Banking approach to technology suppliers

Having spent years working with insurers, the world of banking did not seem like it would be much different. After all, there is a long history of shared ownerships.

Each are heavily governed financial institutions with a strong aversion to taking any and all unnecessary risks. They both make and receive payments, hold highly sensitive information and have a wealth of compliance officers at every turn.

However, scratch the surface just a little bit and the differences are soon quite clear. but they have different business models and therefore different technology needs.


Banks provide a wide range of financial services, including deposits, loans, payments, and investments. They need to have robust systems in place to manage these services, which include:

  • Core banking systems: These systems manage customer accounts, transactions, and balances.
  • Loan origination systems: These systems help banks to process and approve loan applications.
  • Payments systems: These systems process electronic payments, such as wire transfers and credit card transactions.
  • Investment management systems: These systems help banks to manage their own investment portfolios and provide investment services to their customers.

Banks also need to have systems in place to manage risk, comply with regulations, and prevent fraud.

Insurance companies

Insurance companies sell policies that protect individuals and businesses from financial losses due to unexpected events. They need to have systems in place to underwrite risks, process claims, and manage their policy portfolios. Some of the key technology systems used by insurance companies include:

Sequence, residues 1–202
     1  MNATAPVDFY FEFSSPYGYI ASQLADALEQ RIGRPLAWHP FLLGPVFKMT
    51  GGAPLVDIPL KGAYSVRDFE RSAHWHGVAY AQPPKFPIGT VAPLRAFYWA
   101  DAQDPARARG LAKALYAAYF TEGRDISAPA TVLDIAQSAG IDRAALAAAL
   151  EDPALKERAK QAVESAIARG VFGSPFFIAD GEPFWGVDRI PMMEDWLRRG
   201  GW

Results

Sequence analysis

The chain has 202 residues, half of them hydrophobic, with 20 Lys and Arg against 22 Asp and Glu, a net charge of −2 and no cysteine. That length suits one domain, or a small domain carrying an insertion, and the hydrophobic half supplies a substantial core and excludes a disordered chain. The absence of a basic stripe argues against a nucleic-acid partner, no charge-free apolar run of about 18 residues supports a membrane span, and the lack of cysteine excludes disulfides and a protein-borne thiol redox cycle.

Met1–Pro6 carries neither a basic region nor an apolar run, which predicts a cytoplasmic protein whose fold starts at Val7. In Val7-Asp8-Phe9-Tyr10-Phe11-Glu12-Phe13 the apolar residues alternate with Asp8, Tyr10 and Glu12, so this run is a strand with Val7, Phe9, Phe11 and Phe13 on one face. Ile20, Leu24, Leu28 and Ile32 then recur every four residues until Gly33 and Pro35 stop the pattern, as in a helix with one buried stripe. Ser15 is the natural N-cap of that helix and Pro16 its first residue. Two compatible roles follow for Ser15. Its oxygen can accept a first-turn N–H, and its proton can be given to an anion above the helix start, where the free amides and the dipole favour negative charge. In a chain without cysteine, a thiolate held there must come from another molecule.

• Policy administration systems: These systems manage customer policies, including policy terms, premiums, and coverage.
  • Claims processing systems: These systems automate the claims process, from initial notification to settlement.
  • Underwriting systems: These systems help insurance companies to assess risk and set premiums.
  • Data analytics systems: These systems are used to analyze customer data and identify patterns and trends. This information can be used to develop new products, improve pricing, and reduce fraud.

Insurance companies also need to have systems in place to manage risk, comply with regulations, and prevent fraud.

Different technology approaches

While banks and insurance companies share some common technology needs, there are also some key differences. For example, banks need to have systems in place to process high volumes of transactions in real time. Insurance companies, on the other hand, typically have fewer transactions, but they need to be able to process complex claims quickly and accurately.

Another key difference is the use of data analytics. Banks have traditionally been more data-driven than insurance companies, but insurers are increasingly investing in data analytics to improve their underwriting, claims, and marketing operations.